Earning the captain’s armband and offering Solskjær’s side an extra outlet from the back, his few errors may have been well-documented, showing just how much he’d impressed.

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Luke Shaw – 7

It took Shaw coming out of the team with yet another injury to highlight his importance. Looking good at centre-back in a three pre-lockdown, he seemed even sharper upon the restart.

Clearly feeling comforted by the manager’s arm around his shoulder and benefitting from positional competition, last season’s POTY has put in another admirable effort.

Brandon Williams – 7

Being the man who gave Shaw some well-needed pressure to earn the nod at left-back, Williams blisteringly broke through and made his mark in memorable wins at Stamford Bridge and the Etihad.

His tenacity and nimbleness was refreshing but lacked the defensive ability of his experienced teammate which saw his minutes diminish until very late in the campaign. The future looks bright for the Manc.

Eric Bailly – 5

Bailly has always been an enigma; undoubtedly talented, yet undeniably erratic.

Again, injuries have stunted his progress and it’s hard to give him a decent rating despite is largely solid performances.

Diogo Dalot – 4

Although he made good of a rollercoaster maiden campaign at Old Trafford, Dalot’s time at the club already seems to be up.

The 21-year-old never convinced in his 11 appearances due to his defensive lapses and he’s been linked with a move away.

When the time came for him to slot in at left-back against Palace, he was overlooked for someone who hadn’t played a game of football for over a year, in the most damning showing of Solskjær’s distrust yet.

Axel Tuanzebe – 5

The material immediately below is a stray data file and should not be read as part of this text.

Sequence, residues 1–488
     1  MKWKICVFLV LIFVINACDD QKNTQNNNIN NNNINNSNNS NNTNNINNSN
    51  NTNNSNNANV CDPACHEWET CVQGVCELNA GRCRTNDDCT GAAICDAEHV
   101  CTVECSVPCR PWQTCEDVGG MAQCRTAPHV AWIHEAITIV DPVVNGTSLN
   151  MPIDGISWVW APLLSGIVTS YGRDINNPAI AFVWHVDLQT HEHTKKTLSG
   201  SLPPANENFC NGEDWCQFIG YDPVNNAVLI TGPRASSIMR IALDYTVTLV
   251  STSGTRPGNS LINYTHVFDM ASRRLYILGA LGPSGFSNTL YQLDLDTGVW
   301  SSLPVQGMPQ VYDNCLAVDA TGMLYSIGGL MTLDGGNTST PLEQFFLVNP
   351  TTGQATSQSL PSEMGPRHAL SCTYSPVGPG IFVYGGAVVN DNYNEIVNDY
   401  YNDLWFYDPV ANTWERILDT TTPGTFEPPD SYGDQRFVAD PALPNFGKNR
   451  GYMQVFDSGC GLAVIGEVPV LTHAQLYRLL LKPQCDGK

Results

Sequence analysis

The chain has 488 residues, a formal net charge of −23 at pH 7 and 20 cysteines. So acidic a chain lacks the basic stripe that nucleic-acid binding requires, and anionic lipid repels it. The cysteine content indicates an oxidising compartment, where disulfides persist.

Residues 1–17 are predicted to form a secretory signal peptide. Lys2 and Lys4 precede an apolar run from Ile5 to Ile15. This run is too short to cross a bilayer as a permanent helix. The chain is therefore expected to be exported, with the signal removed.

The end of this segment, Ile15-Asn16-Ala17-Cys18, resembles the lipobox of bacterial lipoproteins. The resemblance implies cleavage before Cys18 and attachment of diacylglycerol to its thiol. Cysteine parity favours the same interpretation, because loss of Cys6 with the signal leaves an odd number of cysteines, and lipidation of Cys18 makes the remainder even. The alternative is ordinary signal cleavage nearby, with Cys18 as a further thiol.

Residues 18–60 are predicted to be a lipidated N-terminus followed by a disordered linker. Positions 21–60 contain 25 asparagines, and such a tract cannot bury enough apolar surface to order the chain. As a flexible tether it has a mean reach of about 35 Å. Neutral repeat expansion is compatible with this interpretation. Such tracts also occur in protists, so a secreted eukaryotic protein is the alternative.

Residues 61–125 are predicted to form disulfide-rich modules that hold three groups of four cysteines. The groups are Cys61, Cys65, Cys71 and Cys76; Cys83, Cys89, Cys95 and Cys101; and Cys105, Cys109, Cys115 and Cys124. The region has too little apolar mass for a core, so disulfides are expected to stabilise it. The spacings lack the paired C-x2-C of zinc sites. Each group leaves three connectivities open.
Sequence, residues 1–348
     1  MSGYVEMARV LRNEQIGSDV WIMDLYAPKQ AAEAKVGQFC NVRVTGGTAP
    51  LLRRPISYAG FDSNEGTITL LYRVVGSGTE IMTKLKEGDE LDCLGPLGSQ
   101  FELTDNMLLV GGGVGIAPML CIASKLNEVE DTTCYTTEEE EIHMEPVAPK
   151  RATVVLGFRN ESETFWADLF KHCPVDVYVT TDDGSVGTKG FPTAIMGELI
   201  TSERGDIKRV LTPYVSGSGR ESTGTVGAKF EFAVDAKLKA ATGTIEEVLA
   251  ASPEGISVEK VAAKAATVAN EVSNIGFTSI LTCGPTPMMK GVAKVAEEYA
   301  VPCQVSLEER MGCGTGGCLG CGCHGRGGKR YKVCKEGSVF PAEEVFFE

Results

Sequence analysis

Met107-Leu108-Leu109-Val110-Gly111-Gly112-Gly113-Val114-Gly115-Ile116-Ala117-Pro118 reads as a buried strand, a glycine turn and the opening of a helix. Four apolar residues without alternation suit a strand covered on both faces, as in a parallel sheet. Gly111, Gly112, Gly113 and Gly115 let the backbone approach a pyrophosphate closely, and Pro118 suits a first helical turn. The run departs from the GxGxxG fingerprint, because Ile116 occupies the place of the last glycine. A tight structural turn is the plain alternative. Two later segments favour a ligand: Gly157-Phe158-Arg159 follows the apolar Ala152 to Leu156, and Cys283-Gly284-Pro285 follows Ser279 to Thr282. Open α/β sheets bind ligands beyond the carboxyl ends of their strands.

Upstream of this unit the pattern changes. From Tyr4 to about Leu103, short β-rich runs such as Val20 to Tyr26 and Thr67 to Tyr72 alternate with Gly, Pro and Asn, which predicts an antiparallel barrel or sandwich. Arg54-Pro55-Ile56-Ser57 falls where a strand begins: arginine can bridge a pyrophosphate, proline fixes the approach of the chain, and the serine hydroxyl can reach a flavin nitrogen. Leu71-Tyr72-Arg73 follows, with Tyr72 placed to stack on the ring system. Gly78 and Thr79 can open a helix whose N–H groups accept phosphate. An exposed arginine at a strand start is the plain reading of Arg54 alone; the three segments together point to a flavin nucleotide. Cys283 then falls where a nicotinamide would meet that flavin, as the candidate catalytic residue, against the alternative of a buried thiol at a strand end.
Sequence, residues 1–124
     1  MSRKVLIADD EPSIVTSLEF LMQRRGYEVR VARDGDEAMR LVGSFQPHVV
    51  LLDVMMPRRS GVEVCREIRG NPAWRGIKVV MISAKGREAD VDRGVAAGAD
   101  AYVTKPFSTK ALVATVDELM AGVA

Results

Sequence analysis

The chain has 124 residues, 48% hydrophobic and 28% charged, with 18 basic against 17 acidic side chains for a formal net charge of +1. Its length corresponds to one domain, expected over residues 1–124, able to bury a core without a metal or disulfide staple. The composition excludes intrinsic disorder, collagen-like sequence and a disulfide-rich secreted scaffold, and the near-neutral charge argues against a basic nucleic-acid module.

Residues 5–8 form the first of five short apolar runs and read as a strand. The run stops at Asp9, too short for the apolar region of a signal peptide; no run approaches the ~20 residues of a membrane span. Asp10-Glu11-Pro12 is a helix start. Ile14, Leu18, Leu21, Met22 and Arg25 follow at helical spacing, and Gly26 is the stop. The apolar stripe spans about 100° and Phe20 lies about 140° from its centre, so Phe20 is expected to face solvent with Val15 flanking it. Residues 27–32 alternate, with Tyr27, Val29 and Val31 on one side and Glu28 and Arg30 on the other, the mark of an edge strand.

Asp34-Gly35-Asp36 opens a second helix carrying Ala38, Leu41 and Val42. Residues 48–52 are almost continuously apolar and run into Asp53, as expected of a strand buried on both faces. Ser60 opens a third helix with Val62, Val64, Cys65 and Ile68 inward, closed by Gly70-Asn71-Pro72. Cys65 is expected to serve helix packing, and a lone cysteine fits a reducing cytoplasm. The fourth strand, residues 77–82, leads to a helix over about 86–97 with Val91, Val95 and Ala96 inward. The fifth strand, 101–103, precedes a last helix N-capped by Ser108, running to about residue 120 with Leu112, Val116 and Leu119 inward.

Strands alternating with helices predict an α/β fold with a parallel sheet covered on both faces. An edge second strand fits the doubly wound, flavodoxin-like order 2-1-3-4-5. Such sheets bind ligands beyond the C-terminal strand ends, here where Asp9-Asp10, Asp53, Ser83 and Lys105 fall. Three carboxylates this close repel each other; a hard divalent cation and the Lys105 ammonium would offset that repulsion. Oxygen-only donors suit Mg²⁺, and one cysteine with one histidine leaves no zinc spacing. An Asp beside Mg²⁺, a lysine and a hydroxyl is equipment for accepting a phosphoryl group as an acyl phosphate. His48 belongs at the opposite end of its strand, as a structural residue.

Following a fruitful loan spell at Aston Villa, this was supposed to be his breakthrough term at Old Trafford. Sadly, it wasn’t.

Persistent niggles and knocks knocked the exciting defender back, but with age of his side, he’s got time prove himself.

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Phil Jones – 3

The glimmer of hope in Jones has been slowly flicking out season-upon-season and this campaign has arguably been his dimmest.

More injuries, fewer games, and hardly ever considered a starter, the former international‘s time at Old Trafford seems to be coming to a dark end.

Timothy Fosu-Mensah – 4

Three years had passed since Fosu-Mensah last played for United when he was shockingly selected to face his aforementioned former loan club in July.

It was his first game of the season and he did well, impressing enough to start the next league game, only be to be dragged off after 45 minutes.

Unlucky with injuries but he can’t get lucky with his rating.

Nemanja Matić – 7

Reborn after a long-needed break during the height of the global pandemic, Matić’s presence perfectly complemented his fresh teammates and he earned himself a new three-year deal in the process.

Although he lost sharpness towards the end of the term, it can’t be said that he wasn’t integral to United’s summer turnaround.

Paul Pogba – 6.5